An Orphan Disease is considered a ‘rare disease’ that affects less than 200,000 people in the US. Health News from NPR by Richard Knox on December 07,2013 found that genetic rare conditions that affect children without a immune system like the “Boy in the Bubble” also known as SCID-XI can live a quality of life without germ threats from Gene Therapy. Sickle Cell Disease Anemia is a genetic inherited disorder that affects the blood cells ability to carry oxygen and nutrients to the body and tissues under certain conditions. This is debilitating and recurrence of crisis causes damage and failure of the major organs and joints. Delaware State University, a local researcher, Dr. Kmiech is leading the way in Gene Therapy Research to cure Sickle Cell Disease Anemia. “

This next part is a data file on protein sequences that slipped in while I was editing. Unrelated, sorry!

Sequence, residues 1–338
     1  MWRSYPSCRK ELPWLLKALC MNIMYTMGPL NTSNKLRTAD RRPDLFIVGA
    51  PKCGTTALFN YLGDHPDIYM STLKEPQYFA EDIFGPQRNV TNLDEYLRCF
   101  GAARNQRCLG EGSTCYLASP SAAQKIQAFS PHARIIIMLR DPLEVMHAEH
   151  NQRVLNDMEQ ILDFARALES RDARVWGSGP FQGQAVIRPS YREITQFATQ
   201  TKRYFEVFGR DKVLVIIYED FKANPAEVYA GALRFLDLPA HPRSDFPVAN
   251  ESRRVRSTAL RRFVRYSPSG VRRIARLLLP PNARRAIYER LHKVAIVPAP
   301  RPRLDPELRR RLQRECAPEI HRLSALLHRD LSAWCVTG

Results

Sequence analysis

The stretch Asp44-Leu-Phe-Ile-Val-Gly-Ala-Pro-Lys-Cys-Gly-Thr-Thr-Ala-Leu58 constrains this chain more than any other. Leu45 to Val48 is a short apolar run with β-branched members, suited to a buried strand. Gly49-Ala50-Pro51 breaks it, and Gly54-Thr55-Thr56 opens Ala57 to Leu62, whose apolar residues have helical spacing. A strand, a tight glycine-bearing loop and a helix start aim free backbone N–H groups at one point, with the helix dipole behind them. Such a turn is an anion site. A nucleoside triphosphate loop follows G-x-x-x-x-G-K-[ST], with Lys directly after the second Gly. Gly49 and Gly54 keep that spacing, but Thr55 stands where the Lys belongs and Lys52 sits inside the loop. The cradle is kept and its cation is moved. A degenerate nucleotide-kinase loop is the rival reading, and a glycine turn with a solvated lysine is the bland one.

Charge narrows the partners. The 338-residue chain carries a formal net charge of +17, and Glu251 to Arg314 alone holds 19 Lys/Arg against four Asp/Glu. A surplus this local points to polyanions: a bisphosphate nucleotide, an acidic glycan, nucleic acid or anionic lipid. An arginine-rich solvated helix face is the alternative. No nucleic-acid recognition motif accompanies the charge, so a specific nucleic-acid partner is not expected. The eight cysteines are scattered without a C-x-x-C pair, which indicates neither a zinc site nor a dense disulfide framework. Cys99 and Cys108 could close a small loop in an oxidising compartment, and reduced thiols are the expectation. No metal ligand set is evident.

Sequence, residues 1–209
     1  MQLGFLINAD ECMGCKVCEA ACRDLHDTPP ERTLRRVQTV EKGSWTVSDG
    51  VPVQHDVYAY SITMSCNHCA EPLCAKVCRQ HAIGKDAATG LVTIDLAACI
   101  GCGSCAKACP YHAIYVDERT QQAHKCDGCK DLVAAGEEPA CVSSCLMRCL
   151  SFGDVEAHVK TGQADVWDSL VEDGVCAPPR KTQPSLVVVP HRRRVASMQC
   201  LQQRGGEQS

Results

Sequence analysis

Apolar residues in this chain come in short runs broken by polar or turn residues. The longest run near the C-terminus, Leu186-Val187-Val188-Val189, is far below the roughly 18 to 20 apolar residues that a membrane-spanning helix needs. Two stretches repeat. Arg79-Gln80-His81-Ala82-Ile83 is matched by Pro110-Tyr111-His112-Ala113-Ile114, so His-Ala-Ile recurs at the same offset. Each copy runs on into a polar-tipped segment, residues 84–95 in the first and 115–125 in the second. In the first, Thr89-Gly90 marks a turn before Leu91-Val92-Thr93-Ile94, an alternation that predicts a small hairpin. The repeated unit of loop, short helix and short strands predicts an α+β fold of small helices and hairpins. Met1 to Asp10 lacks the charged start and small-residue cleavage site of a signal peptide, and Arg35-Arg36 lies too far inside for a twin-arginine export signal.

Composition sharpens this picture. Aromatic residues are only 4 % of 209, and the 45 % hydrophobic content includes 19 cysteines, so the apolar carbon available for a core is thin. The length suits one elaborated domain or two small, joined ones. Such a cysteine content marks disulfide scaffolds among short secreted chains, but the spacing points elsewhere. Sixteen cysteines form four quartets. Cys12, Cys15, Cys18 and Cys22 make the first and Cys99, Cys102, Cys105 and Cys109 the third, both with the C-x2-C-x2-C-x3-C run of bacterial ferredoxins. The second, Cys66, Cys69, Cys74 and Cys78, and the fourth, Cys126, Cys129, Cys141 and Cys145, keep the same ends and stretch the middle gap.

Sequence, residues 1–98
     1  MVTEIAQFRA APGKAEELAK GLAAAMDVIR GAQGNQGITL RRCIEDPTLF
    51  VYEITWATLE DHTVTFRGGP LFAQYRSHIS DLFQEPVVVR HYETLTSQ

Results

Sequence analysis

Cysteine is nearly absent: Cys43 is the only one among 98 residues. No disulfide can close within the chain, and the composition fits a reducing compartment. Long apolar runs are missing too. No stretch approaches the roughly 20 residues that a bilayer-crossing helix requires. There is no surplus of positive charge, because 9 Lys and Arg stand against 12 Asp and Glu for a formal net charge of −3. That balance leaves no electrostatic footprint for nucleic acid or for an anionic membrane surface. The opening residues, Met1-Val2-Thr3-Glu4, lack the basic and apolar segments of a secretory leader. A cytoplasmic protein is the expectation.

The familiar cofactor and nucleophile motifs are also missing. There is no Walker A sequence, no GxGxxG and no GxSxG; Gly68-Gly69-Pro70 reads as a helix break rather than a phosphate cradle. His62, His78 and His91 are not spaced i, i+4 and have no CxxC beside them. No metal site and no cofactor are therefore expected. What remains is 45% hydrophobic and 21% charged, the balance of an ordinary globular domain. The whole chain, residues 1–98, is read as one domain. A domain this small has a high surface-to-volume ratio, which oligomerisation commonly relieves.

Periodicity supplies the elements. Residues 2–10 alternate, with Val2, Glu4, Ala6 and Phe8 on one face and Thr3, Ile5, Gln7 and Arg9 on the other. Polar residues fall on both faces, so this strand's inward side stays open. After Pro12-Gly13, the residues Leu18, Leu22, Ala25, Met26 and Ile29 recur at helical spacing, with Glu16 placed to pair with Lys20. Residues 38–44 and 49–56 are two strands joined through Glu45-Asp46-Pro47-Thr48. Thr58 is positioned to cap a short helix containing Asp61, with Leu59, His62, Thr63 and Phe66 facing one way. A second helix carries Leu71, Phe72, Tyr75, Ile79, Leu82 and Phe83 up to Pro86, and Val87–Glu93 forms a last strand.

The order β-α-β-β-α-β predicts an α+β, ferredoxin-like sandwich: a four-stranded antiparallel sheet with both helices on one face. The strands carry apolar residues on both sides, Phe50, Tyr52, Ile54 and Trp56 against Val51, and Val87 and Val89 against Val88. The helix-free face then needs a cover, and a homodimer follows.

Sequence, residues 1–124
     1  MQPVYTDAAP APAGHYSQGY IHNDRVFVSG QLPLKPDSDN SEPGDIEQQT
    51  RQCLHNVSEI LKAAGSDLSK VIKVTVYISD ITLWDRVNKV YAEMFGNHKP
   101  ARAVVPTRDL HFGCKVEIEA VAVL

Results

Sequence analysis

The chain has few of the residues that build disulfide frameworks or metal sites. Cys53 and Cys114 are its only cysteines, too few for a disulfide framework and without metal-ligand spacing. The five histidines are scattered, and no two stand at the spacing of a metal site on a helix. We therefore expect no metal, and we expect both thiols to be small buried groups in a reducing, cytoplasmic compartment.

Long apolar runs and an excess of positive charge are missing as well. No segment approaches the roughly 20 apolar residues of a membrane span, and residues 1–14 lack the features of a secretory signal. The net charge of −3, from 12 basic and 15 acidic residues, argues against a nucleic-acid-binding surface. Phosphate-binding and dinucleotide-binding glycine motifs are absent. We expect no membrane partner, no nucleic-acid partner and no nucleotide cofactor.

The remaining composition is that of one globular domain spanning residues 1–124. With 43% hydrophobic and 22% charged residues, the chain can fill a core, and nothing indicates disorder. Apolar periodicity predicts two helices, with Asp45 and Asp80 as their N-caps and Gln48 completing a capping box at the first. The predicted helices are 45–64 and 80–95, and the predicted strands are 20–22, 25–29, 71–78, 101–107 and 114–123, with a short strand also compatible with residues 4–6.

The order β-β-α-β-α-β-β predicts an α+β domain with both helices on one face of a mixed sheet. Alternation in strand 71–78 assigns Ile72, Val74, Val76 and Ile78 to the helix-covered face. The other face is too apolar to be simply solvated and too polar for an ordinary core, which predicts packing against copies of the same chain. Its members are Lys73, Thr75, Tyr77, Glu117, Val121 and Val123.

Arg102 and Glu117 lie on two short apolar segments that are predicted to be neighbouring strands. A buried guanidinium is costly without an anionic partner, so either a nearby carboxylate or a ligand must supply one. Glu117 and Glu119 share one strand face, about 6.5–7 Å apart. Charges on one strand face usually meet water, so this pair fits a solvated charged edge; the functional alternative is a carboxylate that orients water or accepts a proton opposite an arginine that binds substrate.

“Scientists now report that 8 out of 9 young children given gene therapy for a type of severe combined immunodeficiency disease, called SCID-X1, are alive and living amid the everyday microbial threats that would otherwise have killed them. The oldest is just over 3 years old. Equally important, these children are so far showing no signs of the cancers that developed a decade ago in 5 out of 20 children given an earlier version of the same gene therapy. Those treatment-related cancers temporarily brought such gene therapy experiments to a screeching halt. The latest gene therapy experiment used a “self-inactivating” virus to deliver the corrective gene into the children’s blood stem cells. This new viral vector apparently doesn’t flip switches that give rise to leukemia, as the old vector did. We’re not saying these children are completely free from any risk,” says investigator Williams, who was to report on the trial Saturday morning at the American Society of Hematology meeting in New Orleans. “But we’re quite happy with the results we have so far and feel confident that the vector is safer in every way we can look.” The cost of gene therapy can be costly ($125,000-250,000) but the individual and family must balance the risk versus the benefits and make an informed decision to go forward with Gene Therapy. New technology uses a safer re-engineered virus, ‘vector’ to correct the gene would to cause leukemia in some cases. “Williams says two of the eight surviving children — one in Paris, the other treated in Boston and living in his native Argentina — had the new gene therapy more than three years ago, when they were infants. They have reached the age when some of the children in the earlier experiment developed leukemia.” Children’s Hospital of Philadelphia reported in the Associated Press today ‘unprecedented success’ in treating children with Acute Lymphocytic Leukemia (ALL). A 8-year old with an aggressive form of leukemia was the first to be given Gene Therapy at CHOP and shows no signs of cancer 2 years later. “Within the next year, investigator Williams says they’re planning to test gene therapy for sickle cell disease and thalassemia, two much more common blood disorders that together affect hundreds of thousands of people in this country.”

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